Grant Opportunities 12-05-2011

December 05, 2011

By , Government Grants Coordinator 831-459-1644

Thank you for your quick responses to the weekly grant opportunities. Please contact me with any individual research requests. You can access information about helpful research hints for faculty and graduate students by visiting the links on the lefthand menu.

Upcoming Deadlines

NSF-Linguistics:                                       January 15, 2012
NSF-Science of Organizations:                     February 2, 2012
NSF- Smart Health and Wellbeing:               February 6, 2012
NSF-Partnerships for Innovation:                  Letter of Intent:            January 4, 2012
UC Humanities Network- Graduate Seminars on the Humanities and Changing Conceptions of Work:                                                                January 19, 2012

Clarence Heller Charitable Foundation:          February 1, 2012
Robert Wood Johnson Foundation:                December 29, 2011

Jack Kent Cooke Foundation:                      February 3, 2012
Institute for Human Studies:                      December 31, 2011


Funding Source:         NSF
Title:                       Linguistics
Program:                  The Linguistics Program supports all types of scientific research that focuses on human language as an object of investigation. The program supports research on the syntactic, semantic, morphological, phonetic, and phonological properties of individual languages and of language in general. It also encourages investigation of linguistic questions that are interdisciplinary in nature: the psychological processes involved in the production, perception, and comprehension of language; the development of linguistic capacities in children; social and cultural factors in language use, variation, and change; the acoustics and physiology of speech; computational approaches to the study of language; and the biological bases of language in the brain.
Deadline:                  January 15, 2012

Funding Source:         NSF
Title:                       Science of Organizations (SoO)
Program:                  Organizations -- private and public, established and entrepreneurial, designed and emergent, formal and informal, profit and nonprofit -- are critical to the well-being of nations and their citizens. They are of crucial importance for producing goods and services, creating value, providing jobs, and achieving social goals. The SoO program funds basic research that yields a scientific evidence base for improving the design and emergence, development and deployment, and management and ultimate effectiveness of organizations of all kinds.
SoO funds research that advances our fundamental understanding of how organizations develop, form and operate. Successful SoO research proposals use scientific methods to develop and refine theories, to empirically test theories and frameworks, and to develop new measures and methods. Funded research is aimed at yielding generalizable insights that are of value to the business practitioner, policy-maker and research communities.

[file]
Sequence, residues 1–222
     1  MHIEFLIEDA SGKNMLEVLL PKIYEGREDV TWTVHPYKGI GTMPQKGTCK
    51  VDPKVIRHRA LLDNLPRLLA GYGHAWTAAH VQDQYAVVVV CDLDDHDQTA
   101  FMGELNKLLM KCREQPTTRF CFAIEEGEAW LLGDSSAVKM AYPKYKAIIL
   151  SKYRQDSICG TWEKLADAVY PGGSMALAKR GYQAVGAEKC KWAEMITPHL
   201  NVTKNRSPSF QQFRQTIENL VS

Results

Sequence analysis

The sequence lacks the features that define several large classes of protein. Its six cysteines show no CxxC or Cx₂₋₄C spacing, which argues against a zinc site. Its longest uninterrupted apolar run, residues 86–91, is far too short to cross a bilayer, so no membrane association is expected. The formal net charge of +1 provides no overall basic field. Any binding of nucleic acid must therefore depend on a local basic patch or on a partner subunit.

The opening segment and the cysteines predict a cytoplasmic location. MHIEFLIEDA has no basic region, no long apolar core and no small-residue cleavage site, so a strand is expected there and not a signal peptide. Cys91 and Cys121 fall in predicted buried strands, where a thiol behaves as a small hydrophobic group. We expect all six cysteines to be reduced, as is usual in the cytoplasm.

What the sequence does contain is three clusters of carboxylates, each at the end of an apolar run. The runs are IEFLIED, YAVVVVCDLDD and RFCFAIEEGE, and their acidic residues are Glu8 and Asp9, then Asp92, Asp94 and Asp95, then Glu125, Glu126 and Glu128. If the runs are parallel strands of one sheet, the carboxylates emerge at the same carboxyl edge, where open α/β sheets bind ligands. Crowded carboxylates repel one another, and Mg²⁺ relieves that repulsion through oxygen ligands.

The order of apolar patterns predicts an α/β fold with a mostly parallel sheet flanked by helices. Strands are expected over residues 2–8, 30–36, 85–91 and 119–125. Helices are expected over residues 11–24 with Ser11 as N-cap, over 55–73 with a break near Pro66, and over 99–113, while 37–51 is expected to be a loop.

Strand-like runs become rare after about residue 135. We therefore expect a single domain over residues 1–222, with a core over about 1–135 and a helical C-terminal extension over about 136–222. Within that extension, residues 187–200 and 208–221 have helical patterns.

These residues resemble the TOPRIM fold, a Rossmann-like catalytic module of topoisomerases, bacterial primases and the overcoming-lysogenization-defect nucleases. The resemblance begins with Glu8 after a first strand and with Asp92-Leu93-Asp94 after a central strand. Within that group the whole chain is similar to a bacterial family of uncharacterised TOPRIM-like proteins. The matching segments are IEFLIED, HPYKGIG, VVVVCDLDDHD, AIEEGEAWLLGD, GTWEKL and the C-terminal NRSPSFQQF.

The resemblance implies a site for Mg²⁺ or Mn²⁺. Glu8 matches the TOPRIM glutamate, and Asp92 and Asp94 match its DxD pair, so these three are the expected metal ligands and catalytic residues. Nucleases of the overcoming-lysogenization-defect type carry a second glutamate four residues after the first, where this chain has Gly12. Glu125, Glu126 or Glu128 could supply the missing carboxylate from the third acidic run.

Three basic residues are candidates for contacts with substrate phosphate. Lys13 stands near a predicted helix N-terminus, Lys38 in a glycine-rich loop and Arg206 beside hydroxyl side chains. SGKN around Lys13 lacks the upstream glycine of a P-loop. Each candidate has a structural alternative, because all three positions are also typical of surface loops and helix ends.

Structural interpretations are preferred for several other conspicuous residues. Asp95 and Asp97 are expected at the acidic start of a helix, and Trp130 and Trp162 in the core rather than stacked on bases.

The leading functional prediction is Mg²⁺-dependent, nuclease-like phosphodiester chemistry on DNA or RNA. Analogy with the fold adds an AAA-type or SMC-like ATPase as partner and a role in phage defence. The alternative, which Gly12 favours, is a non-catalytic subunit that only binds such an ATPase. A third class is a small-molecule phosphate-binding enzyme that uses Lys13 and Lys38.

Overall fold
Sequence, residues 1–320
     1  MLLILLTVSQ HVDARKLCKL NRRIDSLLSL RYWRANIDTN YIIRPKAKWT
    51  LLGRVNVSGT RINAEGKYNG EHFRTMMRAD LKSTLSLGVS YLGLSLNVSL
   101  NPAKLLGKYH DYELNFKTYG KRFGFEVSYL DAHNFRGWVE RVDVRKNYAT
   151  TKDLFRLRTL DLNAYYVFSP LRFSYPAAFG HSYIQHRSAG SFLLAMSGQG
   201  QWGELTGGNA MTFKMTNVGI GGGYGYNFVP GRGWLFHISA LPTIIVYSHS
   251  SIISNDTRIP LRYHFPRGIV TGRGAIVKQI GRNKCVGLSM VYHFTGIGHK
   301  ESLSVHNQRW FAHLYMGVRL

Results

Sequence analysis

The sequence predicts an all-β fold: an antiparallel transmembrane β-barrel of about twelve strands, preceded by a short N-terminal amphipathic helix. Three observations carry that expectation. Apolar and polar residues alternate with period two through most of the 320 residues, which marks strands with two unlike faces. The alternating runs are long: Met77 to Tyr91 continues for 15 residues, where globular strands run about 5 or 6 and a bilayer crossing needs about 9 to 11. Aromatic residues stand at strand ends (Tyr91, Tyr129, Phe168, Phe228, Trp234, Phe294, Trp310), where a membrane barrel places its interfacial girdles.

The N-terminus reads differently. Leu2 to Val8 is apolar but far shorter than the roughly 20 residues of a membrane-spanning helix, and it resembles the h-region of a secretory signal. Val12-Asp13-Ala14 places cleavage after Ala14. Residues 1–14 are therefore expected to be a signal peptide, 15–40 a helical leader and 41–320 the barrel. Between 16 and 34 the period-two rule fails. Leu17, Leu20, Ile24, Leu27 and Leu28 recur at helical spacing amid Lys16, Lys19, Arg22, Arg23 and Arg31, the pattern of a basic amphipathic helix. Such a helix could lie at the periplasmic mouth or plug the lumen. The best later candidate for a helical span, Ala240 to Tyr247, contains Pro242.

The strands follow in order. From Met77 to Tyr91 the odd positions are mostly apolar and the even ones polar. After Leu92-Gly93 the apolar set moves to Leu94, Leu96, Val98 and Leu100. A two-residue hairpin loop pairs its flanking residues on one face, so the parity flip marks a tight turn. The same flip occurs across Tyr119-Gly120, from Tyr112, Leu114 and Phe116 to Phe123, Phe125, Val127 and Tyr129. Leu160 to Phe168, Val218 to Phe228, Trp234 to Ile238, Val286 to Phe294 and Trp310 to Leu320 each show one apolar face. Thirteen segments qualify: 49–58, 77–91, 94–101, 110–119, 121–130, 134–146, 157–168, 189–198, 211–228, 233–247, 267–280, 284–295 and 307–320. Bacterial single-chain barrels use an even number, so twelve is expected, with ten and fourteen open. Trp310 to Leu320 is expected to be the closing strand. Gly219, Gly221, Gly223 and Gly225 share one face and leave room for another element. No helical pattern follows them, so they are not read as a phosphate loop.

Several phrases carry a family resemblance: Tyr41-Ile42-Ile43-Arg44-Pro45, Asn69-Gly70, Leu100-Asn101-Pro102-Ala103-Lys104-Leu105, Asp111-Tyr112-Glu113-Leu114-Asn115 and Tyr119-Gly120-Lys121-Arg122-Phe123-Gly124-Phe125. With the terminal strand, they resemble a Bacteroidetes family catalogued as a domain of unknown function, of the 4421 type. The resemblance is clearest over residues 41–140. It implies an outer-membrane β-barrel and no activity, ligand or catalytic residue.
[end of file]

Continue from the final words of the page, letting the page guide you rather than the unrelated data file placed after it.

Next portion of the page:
SoO welcomes any and all rigorous, scientific approaches that illuminate aspects of organizations as systems of coordination, management and governance.
In considering whether a particular project might be a candidate for consideration by SoO, please note:
Intellectual perspectives may involve (but are not limited to) organizational theory, behavior, sociology or economics, business policy and strategy, communication sciences, entrepreneurship, human resource management, information sciences, managerial and organizational cognition, operations management, public administration, social or industrial psychology, and technology and innovation management.
Phenomena studied may include (but are not limited to) structures, routines, effectiveness, competitiveness, innovation, dynamics, change and evolution.
Levels of analysis may include (but are not limited to) organizational, cross-organizational collaborations or relationships, and institutional and can address individuals, groups or teams.
Research methods may be qualitative and quantitative and may include (but are not limited to) archival analyses, surveys, simulation studies, experiments, comparative case studies, and network analyses. 
Deadline:        February 2, 2012

Funding Source:         NSF
Title:                       Smart Health and Wellbeing (SHB)
Program:                  Through the SHB Program, NSF seeks to address fundamental technical and scientific issues that would support much needed transformation of health care from reactive and hospital-centered to preventive, proactive, evidence-based, person-centered and focused on wellbeing rather than disease. The issues to be addressed include, but are not limited to, sensor technology, networking, information and machine learning technology, modeling cognitive processes, system and process modeling, and social and economic issues. Effective technology-based solutions must satisfy a multitude of constraints arising from clinical needs, social interactions, cognitive limitations, barriers to behavioral changes, heterogeneity of data, semantic mismatch and limitations of current cyberphysical systems.

The high degree of complexity and broad range of the problems require multidisciplinary teams of scientists and engineers to identify and address barriers limiting quality of life, independence for chronically ill and elder individuals, and other aspects of wellbeing. Fundamental technological advances are also needed to understand the impediments that prevent people from engaging in health-promoting life styles including diet and exercise and from participating in their health care decisions.
Deadline:                 February 6, 2012

Funding Source:         NSF
Title:                       Partnerships for Innovation